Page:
“Data is important, but more important is the teacher’s interpretation – how validity they make interpretations that then led to them enhancing/changing their instruction so that students’ progress. If there is no progression either the data was wrong, or the interpretation was wrong. I have argued we have over emphasised the ‘data’ and not spent enough on the ‘interpretation’. If measurement people for example, provided more interpretative information from the data from assessments this would make a huge difference. When we ask “Know thy Impact” we use data from many sources to then make interpretations – from test scores, artifacts of student work and assignments, from talking with students, and from observing students as they are undertaking their lessons” (John Hattie, personal communication, August 19, 2018).
Articles in this section
- What is your take on the impact of praise as reward?
- What kind of effect does passion of a teacher actually have on his/her pupils? (Are they more willing to learn in order to impress their teacher, more interested,…?)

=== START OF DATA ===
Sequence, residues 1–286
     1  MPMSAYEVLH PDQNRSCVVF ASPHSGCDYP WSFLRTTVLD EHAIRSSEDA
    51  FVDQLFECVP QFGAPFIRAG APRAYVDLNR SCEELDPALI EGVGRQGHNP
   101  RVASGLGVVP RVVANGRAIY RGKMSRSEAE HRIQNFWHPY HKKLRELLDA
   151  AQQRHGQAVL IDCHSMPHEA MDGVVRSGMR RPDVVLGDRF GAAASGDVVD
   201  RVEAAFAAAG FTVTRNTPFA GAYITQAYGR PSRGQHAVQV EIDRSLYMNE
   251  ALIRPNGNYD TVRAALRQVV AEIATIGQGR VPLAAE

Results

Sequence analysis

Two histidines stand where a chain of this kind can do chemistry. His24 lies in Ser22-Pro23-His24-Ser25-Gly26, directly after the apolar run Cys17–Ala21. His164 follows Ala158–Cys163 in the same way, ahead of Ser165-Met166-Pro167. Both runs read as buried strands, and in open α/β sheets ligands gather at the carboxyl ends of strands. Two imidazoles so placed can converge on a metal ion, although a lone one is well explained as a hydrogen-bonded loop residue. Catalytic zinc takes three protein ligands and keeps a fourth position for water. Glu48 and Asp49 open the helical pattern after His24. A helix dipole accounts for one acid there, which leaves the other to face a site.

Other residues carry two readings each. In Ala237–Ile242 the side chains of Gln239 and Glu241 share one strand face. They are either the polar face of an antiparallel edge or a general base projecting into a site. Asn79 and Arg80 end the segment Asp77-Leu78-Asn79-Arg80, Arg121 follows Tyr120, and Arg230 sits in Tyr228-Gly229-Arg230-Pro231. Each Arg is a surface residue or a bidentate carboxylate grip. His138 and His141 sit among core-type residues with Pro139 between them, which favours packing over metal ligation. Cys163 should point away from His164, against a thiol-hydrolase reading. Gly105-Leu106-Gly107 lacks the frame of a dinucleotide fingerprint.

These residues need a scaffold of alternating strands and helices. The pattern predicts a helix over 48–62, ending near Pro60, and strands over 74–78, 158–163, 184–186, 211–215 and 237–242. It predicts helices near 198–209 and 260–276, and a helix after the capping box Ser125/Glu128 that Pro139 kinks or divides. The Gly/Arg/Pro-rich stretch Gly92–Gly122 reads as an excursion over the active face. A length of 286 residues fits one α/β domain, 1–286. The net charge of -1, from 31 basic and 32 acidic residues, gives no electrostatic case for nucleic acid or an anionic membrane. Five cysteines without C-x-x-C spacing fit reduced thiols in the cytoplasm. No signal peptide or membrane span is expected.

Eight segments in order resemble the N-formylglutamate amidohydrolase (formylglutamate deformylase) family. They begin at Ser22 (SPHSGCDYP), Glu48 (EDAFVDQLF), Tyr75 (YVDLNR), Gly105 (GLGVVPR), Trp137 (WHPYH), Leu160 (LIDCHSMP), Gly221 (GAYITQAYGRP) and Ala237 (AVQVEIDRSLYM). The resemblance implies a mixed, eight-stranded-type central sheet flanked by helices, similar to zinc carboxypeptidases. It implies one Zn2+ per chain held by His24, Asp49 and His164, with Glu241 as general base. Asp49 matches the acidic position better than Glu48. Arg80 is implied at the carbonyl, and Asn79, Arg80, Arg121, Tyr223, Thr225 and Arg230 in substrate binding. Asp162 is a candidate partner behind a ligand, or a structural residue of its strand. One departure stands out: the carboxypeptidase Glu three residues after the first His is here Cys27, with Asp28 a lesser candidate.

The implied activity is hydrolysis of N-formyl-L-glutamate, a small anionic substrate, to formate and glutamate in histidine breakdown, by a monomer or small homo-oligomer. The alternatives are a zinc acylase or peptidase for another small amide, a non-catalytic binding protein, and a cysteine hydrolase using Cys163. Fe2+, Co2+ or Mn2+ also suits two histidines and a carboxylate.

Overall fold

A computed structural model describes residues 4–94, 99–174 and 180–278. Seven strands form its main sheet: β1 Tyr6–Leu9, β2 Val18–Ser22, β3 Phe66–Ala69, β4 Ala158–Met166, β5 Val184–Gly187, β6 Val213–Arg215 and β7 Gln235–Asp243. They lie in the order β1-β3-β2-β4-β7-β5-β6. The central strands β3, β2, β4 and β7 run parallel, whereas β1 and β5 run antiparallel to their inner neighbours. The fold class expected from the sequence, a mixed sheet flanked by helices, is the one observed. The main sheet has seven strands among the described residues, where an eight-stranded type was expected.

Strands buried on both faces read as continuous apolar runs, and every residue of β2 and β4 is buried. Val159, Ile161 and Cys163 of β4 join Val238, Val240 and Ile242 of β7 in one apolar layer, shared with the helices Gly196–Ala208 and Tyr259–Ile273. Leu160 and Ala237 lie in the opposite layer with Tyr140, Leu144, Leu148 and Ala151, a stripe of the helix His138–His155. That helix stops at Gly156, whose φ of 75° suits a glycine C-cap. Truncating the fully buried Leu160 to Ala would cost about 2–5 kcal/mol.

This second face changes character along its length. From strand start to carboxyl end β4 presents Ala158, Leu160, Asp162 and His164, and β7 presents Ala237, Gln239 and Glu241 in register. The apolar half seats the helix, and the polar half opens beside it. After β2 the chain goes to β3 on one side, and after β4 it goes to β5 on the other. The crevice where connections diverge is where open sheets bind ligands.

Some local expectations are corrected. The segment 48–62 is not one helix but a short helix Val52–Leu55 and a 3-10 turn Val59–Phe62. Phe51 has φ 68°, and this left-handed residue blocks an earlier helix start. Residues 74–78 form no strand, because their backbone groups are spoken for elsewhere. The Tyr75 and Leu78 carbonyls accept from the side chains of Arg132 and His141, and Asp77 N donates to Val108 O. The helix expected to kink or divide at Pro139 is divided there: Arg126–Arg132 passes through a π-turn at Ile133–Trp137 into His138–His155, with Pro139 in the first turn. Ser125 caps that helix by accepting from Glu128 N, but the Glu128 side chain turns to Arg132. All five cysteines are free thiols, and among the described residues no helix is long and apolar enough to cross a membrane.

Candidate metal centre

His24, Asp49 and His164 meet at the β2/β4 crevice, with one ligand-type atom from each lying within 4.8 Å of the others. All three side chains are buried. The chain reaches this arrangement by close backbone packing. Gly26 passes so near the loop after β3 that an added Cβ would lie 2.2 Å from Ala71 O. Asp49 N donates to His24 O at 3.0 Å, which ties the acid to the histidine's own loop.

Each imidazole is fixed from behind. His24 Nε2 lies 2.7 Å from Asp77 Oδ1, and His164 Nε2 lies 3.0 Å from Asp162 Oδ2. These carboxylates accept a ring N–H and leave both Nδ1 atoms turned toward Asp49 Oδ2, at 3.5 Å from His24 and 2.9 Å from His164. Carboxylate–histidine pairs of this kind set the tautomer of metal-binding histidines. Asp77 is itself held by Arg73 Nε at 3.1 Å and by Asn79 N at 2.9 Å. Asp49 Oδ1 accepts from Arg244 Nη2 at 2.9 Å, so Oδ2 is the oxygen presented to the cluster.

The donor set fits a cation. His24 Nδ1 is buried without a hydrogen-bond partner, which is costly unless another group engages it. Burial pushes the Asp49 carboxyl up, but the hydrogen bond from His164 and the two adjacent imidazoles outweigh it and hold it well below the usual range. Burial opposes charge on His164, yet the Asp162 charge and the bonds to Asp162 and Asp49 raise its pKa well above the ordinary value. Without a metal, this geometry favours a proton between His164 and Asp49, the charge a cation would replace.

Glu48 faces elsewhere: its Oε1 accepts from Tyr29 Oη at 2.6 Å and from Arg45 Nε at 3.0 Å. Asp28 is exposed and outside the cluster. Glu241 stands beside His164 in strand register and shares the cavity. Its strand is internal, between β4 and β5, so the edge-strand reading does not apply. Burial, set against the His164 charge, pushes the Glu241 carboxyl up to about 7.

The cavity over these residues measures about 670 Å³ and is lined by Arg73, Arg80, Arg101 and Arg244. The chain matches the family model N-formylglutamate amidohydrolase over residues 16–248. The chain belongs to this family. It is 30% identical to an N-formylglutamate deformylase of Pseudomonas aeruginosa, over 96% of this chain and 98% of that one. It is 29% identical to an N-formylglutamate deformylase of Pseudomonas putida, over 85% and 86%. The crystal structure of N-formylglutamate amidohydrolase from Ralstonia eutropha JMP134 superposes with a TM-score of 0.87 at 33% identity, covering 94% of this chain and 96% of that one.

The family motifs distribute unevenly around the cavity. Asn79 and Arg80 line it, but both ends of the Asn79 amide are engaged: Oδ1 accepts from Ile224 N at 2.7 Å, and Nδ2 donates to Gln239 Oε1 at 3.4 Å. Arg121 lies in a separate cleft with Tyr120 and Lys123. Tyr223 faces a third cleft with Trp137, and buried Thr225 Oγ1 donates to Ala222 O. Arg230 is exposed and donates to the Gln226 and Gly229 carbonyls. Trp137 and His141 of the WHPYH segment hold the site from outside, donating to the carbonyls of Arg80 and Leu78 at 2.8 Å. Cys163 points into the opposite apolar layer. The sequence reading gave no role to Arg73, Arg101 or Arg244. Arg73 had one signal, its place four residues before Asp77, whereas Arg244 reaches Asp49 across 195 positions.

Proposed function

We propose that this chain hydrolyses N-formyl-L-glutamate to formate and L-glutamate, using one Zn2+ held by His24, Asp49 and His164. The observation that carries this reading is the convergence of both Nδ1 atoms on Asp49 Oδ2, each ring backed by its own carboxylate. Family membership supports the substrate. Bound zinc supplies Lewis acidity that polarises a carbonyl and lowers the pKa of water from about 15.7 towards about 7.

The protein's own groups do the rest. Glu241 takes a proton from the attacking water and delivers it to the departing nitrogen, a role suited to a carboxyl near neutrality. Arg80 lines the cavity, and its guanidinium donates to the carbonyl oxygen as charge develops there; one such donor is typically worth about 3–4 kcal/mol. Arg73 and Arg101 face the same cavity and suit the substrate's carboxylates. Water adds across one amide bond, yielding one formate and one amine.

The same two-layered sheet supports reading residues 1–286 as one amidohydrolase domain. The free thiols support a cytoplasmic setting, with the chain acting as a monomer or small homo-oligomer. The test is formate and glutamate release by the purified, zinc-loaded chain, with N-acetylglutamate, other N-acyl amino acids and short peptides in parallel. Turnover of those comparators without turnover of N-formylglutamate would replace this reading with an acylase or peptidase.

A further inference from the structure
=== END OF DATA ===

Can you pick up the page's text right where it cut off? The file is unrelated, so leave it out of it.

- Do data walls have the support of most (any?) esteemed education academics?
- Is there some metric you would suggest I try to use personally to determine where my time would be best suited at these two schools with 4 classrooms of kindergarten students eager to learn to read?
- What is evidence-based practice for Resource Teacher of Learning Behavior? There appears to be very little independent research.
- How important is the feedback between teachers and students?
- What are the five most influential factors on student learning? (And, why?)
- I would like further information on the Diagnose, Intervention, Evaluation (DIE) Model, in terms of training student teachers.
- What initial steps should be taken by a teacher wishing to implement visible learning in the classroom?
- What indicators show the teachers that they are on the right track or that they must make a change?